Saving my Mac SE/30. My first foray into SMD work
tothwolf at concentric.net
Mon Apr 27 22:45:01 CDT 2015
On Mon, 27 Apr 2015, Ian Finder wrote:
> FWIW the NeXTcube has the same shoddy SMT can caps, but last time I gave
> it a peek to see if they were actually leaking, they were not- whereas
> all the cans in its contemporaries had spilled electrolyte.
> Perhaps a different MFG or SKU of cap?
> Pete, were yours actually leaking? Or just the same shoddy type?
Modern made top brand SMD aluminum electrolytics (such as Panasonic,
Nichicon, Rubycon) also don't tend to exhibit this failure mode. There
were two primary causes of the end-seals in the late 1980s to mid 1990s
era SMD aluminum electrolytics failing. One was that the "rubber" compound
used for the capacitors end-seal didn't hold up well to the higher
temperatures used in reflow soldering and would deform. Another was the
use of chlorinated solvents to clean boards after soldering.
Manufacturers solved the end-seal issue by switching to rubber compounds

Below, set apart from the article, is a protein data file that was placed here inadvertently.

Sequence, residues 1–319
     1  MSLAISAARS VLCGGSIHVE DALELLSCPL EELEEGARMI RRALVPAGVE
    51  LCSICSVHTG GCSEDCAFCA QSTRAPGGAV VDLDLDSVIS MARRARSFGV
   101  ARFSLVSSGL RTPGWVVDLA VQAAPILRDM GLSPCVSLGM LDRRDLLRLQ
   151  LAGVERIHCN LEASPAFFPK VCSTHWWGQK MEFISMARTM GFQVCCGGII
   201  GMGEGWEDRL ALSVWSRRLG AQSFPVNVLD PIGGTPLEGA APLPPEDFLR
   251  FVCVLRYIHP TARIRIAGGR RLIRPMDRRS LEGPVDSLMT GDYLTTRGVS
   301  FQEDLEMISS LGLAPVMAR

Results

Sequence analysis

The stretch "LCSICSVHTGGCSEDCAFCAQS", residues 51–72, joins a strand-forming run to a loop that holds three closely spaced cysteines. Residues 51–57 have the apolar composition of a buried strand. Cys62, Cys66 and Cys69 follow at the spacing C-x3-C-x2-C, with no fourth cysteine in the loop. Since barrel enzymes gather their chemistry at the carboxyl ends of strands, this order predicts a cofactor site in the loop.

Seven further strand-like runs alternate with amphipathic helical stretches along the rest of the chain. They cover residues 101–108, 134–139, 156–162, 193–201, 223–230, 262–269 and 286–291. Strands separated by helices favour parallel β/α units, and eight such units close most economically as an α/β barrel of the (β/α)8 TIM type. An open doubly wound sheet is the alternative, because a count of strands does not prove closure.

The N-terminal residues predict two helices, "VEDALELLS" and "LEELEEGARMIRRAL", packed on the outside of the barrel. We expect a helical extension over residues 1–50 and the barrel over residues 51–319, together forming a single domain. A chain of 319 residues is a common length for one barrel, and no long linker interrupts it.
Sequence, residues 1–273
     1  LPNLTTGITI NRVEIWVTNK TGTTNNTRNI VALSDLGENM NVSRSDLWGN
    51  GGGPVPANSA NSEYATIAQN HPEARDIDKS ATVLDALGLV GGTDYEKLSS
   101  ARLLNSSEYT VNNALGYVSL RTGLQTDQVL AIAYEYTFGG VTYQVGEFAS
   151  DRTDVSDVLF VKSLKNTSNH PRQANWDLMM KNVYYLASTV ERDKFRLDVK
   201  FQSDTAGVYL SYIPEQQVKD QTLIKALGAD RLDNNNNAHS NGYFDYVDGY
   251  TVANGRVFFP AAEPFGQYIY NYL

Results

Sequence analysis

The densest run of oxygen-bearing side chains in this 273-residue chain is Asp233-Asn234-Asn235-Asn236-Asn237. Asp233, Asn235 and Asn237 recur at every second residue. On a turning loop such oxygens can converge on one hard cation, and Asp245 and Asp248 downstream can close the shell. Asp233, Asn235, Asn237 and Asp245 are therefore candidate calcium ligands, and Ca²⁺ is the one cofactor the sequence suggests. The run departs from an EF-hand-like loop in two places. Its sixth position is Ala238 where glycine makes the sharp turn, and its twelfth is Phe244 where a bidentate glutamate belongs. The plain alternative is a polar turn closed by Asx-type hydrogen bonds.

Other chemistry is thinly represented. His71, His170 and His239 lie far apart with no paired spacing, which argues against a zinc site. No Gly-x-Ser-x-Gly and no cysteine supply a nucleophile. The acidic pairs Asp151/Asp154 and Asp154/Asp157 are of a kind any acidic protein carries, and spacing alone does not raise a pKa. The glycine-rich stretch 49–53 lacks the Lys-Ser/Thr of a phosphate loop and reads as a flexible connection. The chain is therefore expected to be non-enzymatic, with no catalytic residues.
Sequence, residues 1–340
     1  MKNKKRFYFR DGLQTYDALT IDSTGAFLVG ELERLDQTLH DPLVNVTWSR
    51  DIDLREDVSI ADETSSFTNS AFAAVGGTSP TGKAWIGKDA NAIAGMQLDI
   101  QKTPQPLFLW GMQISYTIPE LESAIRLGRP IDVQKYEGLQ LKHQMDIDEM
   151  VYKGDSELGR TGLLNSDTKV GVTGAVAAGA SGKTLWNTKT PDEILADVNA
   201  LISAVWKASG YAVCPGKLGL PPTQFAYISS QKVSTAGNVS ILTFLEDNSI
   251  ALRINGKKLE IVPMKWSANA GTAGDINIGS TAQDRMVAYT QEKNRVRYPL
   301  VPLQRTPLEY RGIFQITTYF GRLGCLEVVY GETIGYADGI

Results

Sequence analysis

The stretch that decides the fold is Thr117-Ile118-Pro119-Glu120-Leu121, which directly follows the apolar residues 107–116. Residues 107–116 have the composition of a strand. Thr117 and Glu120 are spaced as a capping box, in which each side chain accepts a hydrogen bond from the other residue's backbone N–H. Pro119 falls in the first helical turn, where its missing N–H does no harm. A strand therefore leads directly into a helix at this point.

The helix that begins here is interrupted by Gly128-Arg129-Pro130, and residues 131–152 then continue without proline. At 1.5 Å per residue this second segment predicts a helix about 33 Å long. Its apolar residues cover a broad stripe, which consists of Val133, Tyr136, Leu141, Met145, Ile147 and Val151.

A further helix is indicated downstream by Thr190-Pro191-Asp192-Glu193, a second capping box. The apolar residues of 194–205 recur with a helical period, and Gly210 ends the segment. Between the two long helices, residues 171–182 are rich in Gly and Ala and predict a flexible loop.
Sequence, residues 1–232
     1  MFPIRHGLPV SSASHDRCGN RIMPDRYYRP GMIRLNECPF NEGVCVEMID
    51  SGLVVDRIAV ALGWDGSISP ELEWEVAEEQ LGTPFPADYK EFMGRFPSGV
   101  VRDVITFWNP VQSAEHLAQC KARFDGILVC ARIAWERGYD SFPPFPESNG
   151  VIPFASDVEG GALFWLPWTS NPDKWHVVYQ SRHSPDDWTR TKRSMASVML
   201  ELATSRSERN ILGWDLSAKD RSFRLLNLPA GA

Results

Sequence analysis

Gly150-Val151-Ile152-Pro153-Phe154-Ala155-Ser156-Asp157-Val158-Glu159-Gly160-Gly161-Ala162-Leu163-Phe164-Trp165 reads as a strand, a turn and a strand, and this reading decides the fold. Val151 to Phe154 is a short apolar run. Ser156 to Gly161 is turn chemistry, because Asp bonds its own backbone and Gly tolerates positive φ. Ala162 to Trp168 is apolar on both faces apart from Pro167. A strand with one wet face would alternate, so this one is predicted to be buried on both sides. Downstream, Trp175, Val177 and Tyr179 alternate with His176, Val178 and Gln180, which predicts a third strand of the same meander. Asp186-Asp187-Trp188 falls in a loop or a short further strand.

which could better handle the higher temperatures encountered in reflow
soldering. This is why modern parts soldered at even higher temperatures
using lead-free solder aren't failing like these early SMD aluminum
electrolytics did. Chlorinated cleaning solvents OTOH, are still a problem
for aluminum electrolytic capacitors, even for through-hole parts, and
most capacitor manufacturers explicitly state in their datasheets not to
use them. Not only can chlorinated solvents damage the rubber compound
used for the capacitors end-seal, but they can wick into the capacitor and
cause the aluminum itself to corrode.
It wasn't that those early SMD aluminum electrolytics were shoddy or
defective, it was that the electronics industry didn't understand how to
handle them during assembly. This is similar to what happened in more
recent times when manufacturers first began switching from tin/lead solder
to lead-free solder. Instead of replacing process equipment which had been
designed for tin/lead process with equipment designed explicitly for
lead-free process, many board houses at first tried just running their
reflow ovens and wave soldering machines at higher temperatures. In
hindsight, the results of doing this sure look to have been predictable.
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